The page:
This is an excellent and correct observation by writer and any student of Scripture. It is the expectation of Christ that every follower or believer become a disciple and change the world. It is the pattern Christ followed in his earthly ministry, it is the pattern the twelve apostles followed, and it worked. The intention of Christ was and is the building of people into world-impacting, world-changing disciples. This is what “breaking the code” is all about. It should be the heart of every Christian and church in the world, transforming our culture one life and heart at a time.
Stetzer and Putnam argue that building relationships is the best way to “break the code.” It is done by face to face, one on one time spent with others. Eating with them, playing with them, laughing with them and crying with them, it is in letting them see Jesus in what the Christian does that draws the unchurched to Christ.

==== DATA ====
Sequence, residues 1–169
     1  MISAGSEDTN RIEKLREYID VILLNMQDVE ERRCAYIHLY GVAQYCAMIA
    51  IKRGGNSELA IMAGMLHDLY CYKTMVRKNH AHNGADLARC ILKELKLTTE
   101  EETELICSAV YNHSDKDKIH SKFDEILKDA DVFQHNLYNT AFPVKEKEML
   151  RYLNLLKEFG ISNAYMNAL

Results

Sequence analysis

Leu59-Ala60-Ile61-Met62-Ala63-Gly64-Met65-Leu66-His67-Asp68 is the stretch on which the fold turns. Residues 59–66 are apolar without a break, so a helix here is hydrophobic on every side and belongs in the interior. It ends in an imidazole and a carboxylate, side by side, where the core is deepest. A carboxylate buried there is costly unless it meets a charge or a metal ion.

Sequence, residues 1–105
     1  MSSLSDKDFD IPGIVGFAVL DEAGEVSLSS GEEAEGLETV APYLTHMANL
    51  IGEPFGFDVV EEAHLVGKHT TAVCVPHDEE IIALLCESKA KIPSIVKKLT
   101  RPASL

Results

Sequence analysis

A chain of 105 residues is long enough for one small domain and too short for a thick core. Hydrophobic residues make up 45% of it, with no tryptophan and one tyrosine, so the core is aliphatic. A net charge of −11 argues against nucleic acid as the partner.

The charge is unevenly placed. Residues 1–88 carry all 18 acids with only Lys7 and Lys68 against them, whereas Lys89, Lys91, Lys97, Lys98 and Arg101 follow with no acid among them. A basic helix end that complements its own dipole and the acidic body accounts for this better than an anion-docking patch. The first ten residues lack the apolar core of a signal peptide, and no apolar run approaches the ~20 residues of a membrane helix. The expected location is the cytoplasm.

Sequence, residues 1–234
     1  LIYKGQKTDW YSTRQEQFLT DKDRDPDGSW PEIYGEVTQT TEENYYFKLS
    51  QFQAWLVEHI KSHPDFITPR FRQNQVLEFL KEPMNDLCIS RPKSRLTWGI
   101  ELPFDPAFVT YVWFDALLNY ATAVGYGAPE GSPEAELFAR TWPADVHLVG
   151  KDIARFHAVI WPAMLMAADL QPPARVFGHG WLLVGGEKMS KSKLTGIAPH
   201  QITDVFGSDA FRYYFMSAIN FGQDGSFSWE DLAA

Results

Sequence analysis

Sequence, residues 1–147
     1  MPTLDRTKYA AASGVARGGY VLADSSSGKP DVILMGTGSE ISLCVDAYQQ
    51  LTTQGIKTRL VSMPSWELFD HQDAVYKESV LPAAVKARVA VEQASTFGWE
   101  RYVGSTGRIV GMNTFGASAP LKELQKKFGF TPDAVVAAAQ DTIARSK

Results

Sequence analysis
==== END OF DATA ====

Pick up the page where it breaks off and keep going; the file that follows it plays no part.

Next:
There are many quality ideas found in Breaking the Missional Code. It was refreshing to read a book that actually spent as much time with application as with theory. It discussed transitions made by churches who found “success” in the relational ministry of “code breaking.” One of the best points made by Stetzer and Putnam at this point was that you have to know your own church culture and the culture of your community. Changing your music, your look or your style will not automatically mean success. They argue that God’s calling is specific: to a specific place and to a specific people. As you sense His calling, approach it as any Christian would who is going to a foreign country. It is not about personal preference, but it is about presenting the gospel in a way that those around you will be receptive to it. The gospel is offensive enough on its own.